This year marks the 25th anniversary of writing this column for the Rapid City Journal. I have seen a lot of editors and reporters come and go since my first column in April 1991. In fact, everyone who was in the newsroom at that time is gone, which must make me either an elder statesman or a dinosaur.
Journalism is in my blood. My grandfather worked for 43 years for the Sioux Falls Argus Leader and my father graduated from the University of Missouri with a degree in journalism. I was editor of my high school paper when I was a sophomore, attended Boy’s State as a journalist, earned a Boy Scout merit badge in journalism, and was offered a scholarship in journalism. After a visit with long-time Journal editor Jim Kuehn, when I learned what journalists earned, I turned down the scholarship and decided against a career in journalism.
My interest in writing remained, however, and I was very pleased when the Journal began publishing my columns. The early ones were monthly, 900 to 1200 words with a split focus on real estate and personal financial planning. Eventually the Journal expanded the column to twice a month and then to once a week.
During the past 25 years, like anyone, I’ve seen a lot of changes in my life. I married, had two children, earned a college degree and a master’s in financial planning, shifted my career focus from real estate to financial planning and built the largest fee-only planning firm in the region, coauthored four books, traveled the world, and have done a lot of inner growth. Producing this column has been an integral part of my weekly routine during all those life events.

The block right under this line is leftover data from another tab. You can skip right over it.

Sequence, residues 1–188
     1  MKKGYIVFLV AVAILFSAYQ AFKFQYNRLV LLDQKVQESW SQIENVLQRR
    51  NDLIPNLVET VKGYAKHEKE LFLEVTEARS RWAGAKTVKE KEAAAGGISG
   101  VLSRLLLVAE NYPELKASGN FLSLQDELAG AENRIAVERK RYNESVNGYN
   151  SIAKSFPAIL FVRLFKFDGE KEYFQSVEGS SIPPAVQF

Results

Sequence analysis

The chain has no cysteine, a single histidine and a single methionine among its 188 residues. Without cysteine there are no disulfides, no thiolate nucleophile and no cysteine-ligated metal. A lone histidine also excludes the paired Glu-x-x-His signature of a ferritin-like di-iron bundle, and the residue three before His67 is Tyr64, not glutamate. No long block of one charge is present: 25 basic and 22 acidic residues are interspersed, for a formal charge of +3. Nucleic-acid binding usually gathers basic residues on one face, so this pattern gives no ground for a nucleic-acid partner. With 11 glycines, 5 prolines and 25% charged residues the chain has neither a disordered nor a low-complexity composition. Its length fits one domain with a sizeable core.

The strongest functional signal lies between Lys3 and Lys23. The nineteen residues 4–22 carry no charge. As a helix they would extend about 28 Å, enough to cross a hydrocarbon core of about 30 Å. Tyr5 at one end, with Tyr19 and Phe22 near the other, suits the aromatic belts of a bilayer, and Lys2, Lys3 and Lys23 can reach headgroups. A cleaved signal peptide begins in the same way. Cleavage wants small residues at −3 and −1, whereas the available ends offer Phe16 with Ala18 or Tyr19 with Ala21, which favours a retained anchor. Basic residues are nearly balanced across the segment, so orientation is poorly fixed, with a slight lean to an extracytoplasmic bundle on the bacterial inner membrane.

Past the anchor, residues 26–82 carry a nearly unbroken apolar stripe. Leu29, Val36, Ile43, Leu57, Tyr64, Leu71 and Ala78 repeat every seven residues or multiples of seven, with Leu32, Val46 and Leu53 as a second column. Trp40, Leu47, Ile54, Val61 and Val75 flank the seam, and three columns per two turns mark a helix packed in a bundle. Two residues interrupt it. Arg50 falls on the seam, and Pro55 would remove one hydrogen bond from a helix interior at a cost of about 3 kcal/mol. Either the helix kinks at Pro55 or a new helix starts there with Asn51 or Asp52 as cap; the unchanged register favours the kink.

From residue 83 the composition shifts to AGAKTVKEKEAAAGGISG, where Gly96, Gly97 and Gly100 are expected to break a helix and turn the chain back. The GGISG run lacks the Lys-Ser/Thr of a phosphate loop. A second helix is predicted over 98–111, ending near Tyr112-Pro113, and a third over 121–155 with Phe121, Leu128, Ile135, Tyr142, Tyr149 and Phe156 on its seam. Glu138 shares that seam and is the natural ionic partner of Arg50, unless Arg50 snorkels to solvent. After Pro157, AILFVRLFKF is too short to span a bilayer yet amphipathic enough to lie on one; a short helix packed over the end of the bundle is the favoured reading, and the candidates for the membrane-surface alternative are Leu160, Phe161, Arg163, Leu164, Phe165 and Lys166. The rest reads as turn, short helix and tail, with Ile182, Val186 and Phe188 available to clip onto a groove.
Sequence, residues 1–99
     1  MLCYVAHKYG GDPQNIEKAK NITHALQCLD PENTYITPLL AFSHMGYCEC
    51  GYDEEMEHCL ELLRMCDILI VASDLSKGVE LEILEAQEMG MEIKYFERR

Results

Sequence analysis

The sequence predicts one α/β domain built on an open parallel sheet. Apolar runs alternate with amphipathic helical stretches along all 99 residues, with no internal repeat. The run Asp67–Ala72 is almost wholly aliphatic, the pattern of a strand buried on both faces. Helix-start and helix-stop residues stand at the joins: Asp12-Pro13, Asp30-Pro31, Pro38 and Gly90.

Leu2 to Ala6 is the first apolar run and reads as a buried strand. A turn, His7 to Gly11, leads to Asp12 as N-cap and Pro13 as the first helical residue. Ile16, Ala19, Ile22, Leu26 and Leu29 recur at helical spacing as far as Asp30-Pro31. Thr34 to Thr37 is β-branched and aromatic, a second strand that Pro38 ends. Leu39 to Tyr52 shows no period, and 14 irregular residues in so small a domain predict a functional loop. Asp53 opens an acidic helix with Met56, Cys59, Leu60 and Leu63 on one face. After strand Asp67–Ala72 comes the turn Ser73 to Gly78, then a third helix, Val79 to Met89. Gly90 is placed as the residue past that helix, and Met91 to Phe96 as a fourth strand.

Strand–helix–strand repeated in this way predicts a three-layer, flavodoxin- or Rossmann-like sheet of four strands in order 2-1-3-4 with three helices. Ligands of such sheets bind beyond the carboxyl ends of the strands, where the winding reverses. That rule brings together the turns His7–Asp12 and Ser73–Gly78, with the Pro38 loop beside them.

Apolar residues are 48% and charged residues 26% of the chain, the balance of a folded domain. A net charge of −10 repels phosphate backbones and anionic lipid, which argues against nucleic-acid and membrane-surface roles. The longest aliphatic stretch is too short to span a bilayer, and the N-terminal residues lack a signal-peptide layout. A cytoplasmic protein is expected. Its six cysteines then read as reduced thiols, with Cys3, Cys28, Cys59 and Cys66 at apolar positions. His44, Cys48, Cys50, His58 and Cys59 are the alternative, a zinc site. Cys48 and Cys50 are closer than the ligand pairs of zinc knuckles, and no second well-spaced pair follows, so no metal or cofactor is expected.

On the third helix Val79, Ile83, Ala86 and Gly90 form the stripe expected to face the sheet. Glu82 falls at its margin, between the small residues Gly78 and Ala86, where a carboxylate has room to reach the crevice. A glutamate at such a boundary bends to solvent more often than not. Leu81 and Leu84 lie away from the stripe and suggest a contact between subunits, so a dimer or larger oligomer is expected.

I am sometimes asked, “How do you manage to run a business, speak nationally, teach a graduate course, and write a weekly column?” My response is that it would be impossible without two things: technology and wonderfully talented people who support and encourage me.
Publishing this column wouldn’t happen without my personal editor and friend, Kathleen Fox, who has worked with me for over 10 years. She was my coauthor of Conscious Finance and edited two other books I coauthored with Drs. Ted and Brad Klontz. As Kathleen knows, my unique genius is not spelling, grammar, or sentence structure. She says that after working with me for so long she hears my voice in her head when she is rearranging my written words.
Over the years I’ve tried to inform readers about all aspects of personal finance. So it was a bit humbling when the column that received the most responses ever was one about exiling a cat named Venus to Texas. The most memorable comment was a note from the Dean of the Business School at SDSU, who said it was the best column I had ever written: “Right from the heart!”
I had trouble even receiving that comment as a compliment. At the time, I saw personal finance as dealing far more with the head and the pocketbook than the heart. I envisioned my role as explaining some of the nuts and bolts of financial planning in understandable terms.
I still enjoy that aspect of these columns. However, over the years I’ve expanded my knowledge base and horizons to include what has become known as financial psychology or financial therapy.
I’ve come to recognize that money has a powerful impact on every aspect of our lives. Writing about personal finance and financial wellness is incomplete if it only deals with the dollars. The heart has far more to do with finance than I ever imagined.